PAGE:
Christ came according to the Scriptures to die for our sin. He was buried. He was raised to life on the third day according to the Scriptures.

According to the Scriptures He is coming again in glory to gather His people to Himself and to crush His enemies under His feet (Psalm 110; 1 Corinthians 15:25; Revelation 19).

Turn to Him and be saved today! Trust in Him. Hold fast until the end.


He is worthy.



Popular Posts

Prayer vs. Petition

Q: What's the difference between prayer and petition? Phil 4:6 for example.

A: An excellent word study question! When attempting to study words from the text it is necessary to analyze the word being studied in the original language (in this case Greek) as attempting to look up the words in English will often produce erroneous results.

For example, in English the word petition has within its range of meanings things that are certainly not within the scope of meanings for the Greek word (i.e. “a sheet that is signed to demonstrate agreement with some principle or desire for some social action to be taken” is part of the range of “petition” but not of the Greek deesis from which “petition” is translated).

The word most commonly translated as “prayer” in our English Bibles is proseuche, which appears 36 times in the New Testament (NT) in one form or another (for the purposes of this study, we are only examining the usage of these words as nouns – the verbal forms will not be included…

Christianity Isn't Moralism

Do this. Don't do that.

Shop here. Don't shop there.

This is acceptable. That is an abomination.

Don't get me wrong. Christianity does have a moral code. That's undeniable.

And that moral code is not popular. Not by a long shot. The Bible is clear that the moral code is contrary to the flesh. By definition it goes against the grain of fallen human nature.

But Christianity isn't moralism.

The moral code is not the end. It's only a diagnostic. The Bible calls for rebels against the King of heaven and earth to be reconciled to Him through His Son, Jesus the Christ. The Bible calls for people to turn from their rebellion and live for Him. This means that we stop pursuing the various lusts and impulses of our flesh. It means we start living in obedience to our King. We live for the glory of His name.

The diagnostic helps us to see that we are off track. But living according to some external sort of rules is not the end goal. That was the mistake the Pharisees made. Yo…

Self-Centered Theology

I have a problem.

Maybe you do, too.

I bet you can at least relate.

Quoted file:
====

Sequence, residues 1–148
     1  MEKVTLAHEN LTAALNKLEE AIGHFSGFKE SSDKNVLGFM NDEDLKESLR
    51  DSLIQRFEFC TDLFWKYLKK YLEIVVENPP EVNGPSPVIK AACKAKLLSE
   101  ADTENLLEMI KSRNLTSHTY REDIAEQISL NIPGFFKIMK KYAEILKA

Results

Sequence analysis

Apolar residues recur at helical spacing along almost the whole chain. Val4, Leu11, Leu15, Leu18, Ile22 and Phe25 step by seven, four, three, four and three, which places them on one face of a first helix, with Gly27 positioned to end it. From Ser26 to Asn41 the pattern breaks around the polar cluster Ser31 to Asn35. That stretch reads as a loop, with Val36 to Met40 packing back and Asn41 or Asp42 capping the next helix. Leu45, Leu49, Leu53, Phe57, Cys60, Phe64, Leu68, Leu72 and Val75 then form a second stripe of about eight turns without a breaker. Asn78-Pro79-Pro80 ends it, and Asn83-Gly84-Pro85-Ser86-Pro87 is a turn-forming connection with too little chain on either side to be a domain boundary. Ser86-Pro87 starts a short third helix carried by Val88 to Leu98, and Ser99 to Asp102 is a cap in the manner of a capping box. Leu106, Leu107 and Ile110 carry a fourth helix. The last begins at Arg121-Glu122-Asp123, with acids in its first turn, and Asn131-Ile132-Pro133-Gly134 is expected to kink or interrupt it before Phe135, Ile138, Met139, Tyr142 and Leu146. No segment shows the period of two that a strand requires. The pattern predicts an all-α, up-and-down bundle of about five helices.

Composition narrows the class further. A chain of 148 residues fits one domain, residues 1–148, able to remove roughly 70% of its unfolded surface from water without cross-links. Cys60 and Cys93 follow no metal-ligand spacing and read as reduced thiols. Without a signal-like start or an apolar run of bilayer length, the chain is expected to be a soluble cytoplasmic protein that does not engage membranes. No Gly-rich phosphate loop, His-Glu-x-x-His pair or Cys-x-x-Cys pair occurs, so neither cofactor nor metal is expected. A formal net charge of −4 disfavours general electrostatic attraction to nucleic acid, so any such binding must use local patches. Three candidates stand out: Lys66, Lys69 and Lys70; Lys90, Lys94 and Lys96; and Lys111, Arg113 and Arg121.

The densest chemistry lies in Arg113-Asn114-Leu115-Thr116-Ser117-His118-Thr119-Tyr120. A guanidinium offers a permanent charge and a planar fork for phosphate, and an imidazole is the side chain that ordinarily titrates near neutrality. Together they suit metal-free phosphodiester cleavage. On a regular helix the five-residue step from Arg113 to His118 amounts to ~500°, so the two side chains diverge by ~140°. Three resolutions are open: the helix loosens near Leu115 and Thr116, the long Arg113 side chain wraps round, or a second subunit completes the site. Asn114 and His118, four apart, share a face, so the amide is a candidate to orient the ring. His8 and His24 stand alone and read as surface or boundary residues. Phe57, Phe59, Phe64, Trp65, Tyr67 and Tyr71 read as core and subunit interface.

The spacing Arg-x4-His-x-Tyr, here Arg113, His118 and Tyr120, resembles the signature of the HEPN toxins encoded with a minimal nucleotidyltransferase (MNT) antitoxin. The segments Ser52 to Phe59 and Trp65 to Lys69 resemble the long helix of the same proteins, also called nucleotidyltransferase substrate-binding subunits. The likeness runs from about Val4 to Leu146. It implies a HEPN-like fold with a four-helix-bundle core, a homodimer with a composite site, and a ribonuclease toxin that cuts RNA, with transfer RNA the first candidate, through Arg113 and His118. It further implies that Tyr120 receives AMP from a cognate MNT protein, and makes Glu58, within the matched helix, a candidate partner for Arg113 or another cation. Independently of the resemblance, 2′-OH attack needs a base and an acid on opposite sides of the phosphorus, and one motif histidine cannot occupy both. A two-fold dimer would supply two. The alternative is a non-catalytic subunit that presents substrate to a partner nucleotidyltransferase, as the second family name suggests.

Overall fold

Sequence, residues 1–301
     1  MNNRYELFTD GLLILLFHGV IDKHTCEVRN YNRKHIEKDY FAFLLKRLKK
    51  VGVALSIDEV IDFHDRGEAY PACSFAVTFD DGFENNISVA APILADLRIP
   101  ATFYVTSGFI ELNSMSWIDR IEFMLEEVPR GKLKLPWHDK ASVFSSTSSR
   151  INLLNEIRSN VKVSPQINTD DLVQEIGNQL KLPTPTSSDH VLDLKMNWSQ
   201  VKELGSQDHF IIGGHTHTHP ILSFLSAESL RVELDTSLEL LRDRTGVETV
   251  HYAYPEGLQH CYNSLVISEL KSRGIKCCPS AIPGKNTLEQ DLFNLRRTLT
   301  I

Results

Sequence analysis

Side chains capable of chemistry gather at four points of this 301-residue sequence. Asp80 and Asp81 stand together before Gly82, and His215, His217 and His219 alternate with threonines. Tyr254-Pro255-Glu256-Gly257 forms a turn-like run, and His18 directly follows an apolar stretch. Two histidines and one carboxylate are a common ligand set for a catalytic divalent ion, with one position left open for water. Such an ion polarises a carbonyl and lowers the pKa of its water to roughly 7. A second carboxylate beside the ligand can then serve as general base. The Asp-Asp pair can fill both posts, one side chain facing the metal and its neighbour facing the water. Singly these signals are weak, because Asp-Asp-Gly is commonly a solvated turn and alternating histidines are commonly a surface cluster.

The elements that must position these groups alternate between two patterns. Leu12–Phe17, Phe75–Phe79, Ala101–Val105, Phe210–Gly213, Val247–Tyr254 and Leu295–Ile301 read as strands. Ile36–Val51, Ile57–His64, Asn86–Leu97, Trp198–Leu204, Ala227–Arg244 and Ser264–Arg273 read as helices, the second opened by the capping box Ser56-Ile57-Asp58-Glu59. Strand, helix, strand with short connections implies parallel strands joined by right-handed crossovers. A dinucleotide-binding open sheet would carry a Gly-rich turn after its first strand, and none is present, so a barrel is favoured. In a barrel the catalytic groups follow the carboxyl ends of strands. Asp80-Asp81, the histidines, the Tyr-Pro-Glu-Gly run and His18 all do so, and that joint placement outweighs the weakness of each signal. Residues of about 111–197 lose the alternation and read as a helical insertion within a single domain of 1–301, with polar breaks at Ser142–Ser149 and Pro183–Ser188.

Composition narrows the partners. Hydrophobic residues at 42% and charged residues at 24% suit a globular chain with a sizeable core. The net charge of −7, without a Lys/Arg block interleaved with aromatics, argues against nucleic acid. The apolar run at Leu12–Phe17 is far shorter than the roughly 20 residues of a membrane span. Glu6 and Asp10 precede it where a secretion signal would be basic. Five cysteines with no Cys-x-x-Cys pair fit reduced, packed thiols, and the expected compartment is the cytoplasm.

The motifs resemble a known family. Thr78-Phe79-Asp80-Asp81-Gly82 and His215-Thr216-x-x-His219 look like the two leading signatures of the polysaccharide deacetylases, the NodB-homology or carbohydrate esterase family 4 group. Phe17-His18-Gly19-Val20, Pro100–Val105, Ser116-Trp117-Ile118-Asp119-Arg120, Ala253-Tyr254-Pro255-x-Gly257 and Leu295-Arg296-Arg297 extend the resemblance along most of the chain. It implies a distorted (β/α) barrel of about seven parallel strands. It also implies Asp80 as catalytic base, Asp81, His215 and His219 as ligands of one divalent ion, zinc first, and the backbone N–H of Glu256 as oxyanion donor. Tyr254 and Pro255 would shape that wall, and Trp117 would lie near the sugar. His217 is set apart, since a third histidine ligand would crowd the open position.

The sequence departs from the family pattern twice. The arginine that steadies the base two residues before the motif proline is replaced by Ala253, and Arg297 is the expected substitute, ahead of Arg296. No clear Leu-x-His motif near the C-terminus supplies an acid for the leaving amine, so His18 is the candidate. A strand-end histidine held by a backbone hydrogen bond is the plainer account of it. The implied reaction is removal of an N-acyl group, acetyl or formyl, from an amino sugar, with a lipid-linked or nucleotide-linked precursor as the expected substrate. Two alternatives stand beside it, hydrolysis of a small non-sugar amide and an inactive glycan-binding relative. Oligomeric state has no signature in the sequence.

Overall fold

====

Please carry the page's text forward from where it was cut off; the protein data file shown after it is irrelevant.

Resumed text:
I'm self-centered.

By nature, I think from my perspective. Often, more often than I'd usually like to admit, I pursue my agenda.

I like to do, what I like to do, when I like to do it, where I like to do it, how I like to do it, and with whomever I like to do it.

I think you do, too.

Sometimes we are good at hiding this self-centeredness. I believe that it is possible to have genuinely altruistic moments. Moments where we put others self-interest above our own well-being. Sometimes powerful emotions like love, hate, and disgust, can cause us to act contrary to our self-centered notions.

Sometimes.

As Christians, we are given the gift of God's grace through His Son, Jesus Christ. We receive this gift when we repent of our self-centered ways and trust in Christ alone. In the noise that is "Christianity" - if you take the time to really listen - you will often hear a false gospel that appeals to the …

Christ Died For Our Sins

For I delivered to you as of first importance what I also received, that Christ died for our sins according to the Scriptures
(1 Corinthians 15:3)
The truth of the gospel includes this important phrase: Christ died for our sins.

You've probably heard it before. Many times.

Sometimes familiarity leads to a diminished sense of importance. The more you hear about something the more ordinary it may seem. Common. Ho-hum. Boring.

But this truth is anything but common.

Another difficulty arises with this truth. Beyond being common. It may happen in your ears without you even realizing it.

When the truth is declared that Christ died for our sins, you may think you hear the truth. But what you really hear is a diminished version. A partial truth.

Instead of hearing that Christ died for our sins you may hear a slightly different version of this truth. You might hear this: Jesus died for your sins.

Do you see the difference? You should.


These statements are similar. Both may very well be true…

Hallowed Be Thy Name

Growing up, I said the Our Father prayer a lot.

A lot. Multiple times a day.It was part of my religious tradition. Most of the time, I mumbled it as quickly as I could.

For what it's worth, my Dad tried to help me understand that mumbling the prayer without understanding what it really meant wasn't the goal. He wanted me to understand it. He wanted me to mean it.

I remember sitting with him in the car one afternoon while we went through every phrase. He did his best to explain to me what the terms meant. Why we would say these things. Why it mattered.

It didn't take.

Although I became better equipped to describe the meaning of the phrases, I still mumbled them as fast as I could so I could move on to the next part of my day.

Fast forward many years. After being born-again by the grace of God I started to read my Bible. I desired to know God and His Word. I remember when I stumbled upon Jesus teaching the disciples to pray the Lord's prayer in Matthew 6. I was both excit…